The bowel may be narrowed by the contraction of the scar left behind by a healed ulcer due to tuberculosis, typhoid fever or other cause. When such strictures are present, the peristaltic movements of the intestine are often so strong as to be visible in a thin patient through the abdominal walls. Such cases require operation.
Cancer of the colon is not infrequent, constituting about nine per cent of all cancers. Cancer occurs most frequently in the cecum or ascending colon, and next most frequently in the rectum or pelvic colon, points at which the greatest delay of the feces occurs.
Cancer of the colon is not infrequently secondary to cancer in some other location. When cancer exists or has existed in the breast, stomach, or elsewhere, obstinate constipation should lead to a careful physical examination including an X-ray examination of the colon with special reference to the presence of organic obstruction.
Acute obstruction due to "telescoping" of the intestine requires immediate surgical attention.
Chronic constipation is held to be sometimes due to such a telescoping of the pelvic colon into the rectum. This condition is probably quite rare, but it possibly may be more frequent than has been hitherto supposed. Such cases require surgical attention.
The feces are formed by the gradual absorption of the digested foodstuffs, and the drying out of the mass of debris left through the absorption of water. When thus formed, the feces are slowly moved along the colon toward the lowermost part of the colon proper, the pelvic colon, where they are deposited, the pelvic loop filling from below upward. The filling begins at the bottom of the loop, the junction of the colon with the rectum.
At this point a new mechanism is provided to deal with the feces. They have become so dried and hardened by the absorption of their liquid part that they are no longer suited for transportation by the feeble peristaltic waves which continually course from one end of the intestinal tract to the other. They must be dealt with by a more powerful mechanism. This may be termed the discharging mechanism or device, and it is certainly a most remarkable apparatus. We need not repeat here the description of the process of defecation, which has been given in detail elsewhere. Briefly summarized, it consists of three voluntary and four involuntary acts.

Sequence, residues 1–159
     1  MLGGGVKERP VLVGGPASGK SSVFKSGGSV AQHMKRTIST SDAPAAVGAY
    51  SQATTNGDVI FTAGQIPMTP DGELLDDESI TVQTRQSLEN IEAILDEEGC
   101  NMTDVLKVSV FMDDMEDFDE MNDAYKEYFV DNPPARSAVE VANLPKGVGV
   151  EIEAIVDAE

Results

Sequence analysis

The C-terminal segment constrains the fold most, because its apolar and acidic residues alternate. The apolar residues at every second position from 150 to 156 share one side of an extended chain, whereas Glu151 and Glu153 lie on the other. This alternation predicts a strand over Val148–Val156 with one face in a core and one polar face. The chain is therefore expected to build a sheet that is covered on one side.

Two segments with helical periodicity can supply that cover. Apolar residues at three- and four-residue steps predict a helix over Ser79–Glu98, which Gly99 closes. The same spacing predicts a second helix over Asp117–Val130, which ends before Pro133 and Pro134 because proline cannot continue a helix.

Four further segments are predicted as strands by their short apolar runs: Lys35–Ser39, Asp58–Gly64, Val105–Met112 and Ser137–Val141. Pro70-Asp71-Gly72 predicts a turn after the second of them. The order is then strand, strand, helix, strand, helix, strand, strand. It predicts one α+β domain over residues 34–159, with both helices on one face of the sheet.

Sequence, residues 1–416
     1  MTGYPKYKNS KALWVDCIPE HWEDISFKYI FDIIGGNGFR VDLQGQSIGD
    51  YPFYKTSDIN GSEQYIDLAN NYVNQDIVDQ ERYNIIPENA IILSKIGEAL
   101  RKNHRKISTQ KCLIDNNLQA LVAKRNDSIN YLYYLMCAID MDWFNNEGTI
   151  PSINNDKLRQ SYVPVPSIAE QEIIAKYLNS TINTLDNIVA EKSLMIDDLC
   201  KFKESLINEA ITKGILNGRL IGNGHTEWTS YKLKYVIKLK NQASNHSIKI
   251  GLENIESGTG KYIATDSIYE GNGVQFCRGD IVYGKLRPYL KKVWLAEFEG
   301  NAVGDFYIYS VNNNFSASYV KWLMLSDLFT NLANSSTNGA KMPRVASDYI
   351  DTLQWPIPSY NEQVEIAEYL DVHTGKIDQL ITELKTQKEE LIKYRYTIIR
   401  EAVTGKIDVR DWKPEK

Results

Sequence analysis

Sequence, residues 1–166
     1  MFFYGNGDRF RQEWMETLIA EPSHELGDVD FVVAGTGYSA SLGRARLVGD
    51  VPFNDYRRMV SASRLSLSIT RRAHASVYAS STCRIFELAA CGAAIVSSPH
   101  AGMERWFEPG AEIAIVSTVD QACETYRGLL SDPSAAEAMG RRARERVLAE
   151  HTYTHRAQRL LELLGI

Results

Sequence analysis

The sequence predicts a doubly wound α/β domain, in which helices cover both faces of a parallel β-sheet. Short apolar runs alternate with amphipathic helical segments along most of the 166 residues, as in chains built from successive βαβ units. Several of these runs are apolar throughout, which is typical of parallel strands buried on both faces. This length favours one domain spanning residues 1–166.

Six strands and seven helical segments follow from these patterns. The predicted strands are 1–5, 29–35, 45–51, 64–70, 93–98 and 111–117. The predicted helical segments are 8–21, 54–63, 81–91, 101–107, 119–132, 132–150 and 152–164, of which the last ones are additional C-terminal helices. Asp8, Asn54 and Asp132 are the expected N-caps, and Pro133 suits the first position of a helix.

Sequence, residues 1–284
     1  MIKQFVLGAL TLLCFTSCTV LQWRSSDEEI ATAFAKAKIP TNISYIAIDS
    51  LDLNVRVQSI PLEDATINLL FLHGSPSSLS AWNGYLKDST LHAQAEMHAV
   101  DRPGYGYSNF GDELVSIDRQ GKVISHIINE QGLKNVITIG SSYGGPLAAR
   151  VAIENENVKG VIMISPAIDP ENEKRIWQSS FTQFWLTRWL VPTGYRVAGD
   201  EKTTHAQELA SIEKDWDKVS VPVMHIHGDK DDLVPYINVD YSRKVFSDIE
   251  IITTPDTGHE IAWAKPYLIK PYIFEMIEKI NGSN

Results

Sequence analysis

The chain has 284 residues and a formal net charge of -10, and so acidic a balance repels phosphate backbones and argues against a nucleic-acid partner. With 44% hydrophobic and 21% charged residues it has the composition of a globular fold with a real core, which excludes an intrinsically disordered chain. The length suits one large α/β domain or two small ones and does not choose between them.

1. Voluntary acts in defecation: (a) Contraction of the diaphragm, (b) Contraction of the abdominal muscles, (c) Compression of the abdomen by the thighs.
2. Ivoluntary acts in defecation: (a) Contraction of the colon, (b) Relaxation of opening of the anus, (c) Reinforced contraction of the abdominal muscles, (d) Strong contraction of the levator ani muscles lying behind the rectum.
When each of these several distinct voluntary and involuntary acts is promptly and efficiently performed, defecation is complete, and at least the lower half of the colon is completely emptied. Failure at any point results in incomplete defecation, and fecal matters are left behind, producing cumulative constipation. Let us note the different ways in which these several acts may be interfered with.
If the diaphragm is weak from disuse or general feebleness, if its movements are obstructed by corsets or waist bands, if it is tied fast by adhesions from pleurisy or crippled by hernia, it cannot act efficiently, and the amount of feces pushed down into the rectum may not be sufficient to call forth a vigorous act of defecation. The result will be that the colon will be only partially emptied, and cumulative constipation will result, though the rectum may be fully emptied and no sense of discomfort be felt. The pelvic colon will be gradually stretched by the accumulating contents until it becomes enormously enlarged and forms a reservoir of putrefying feces, by which the body is continually poisoned, and a great variety of diseased conditions produced. This condition is very common as the natural result of sedentary habits and corset-wearing.
When the abdominal muscles are weak, relaxed, separated, or otherwise inefficient, the results are the same as when the diaphragm fails to do its duty, for the two sets of muscles must work in cooperation.
The ordinary water-closet seat renders complete efficiency of the abdominal muscles and diaphragm practically impossible, since it does not permit of pressure by the thighs, an essential voluntary act in defecation.
A feeble, dilated, inflamed, thickened, elongated, adherent, overloaded, obstructed colon, cannot possibly contract with sufficient vigor to empty itself of its unclean contents. Yet such is the chronic condition of the colon in a very large proportion of cases as the result of the operation of some one or more of the causes which have been enumerated in the foregoing paragraphs.
Nervousness, apprehension or fear may prevent the normal reflex from acting. Hysteria or melancholia may paralyze a patient's colon as well as an arm or a leg.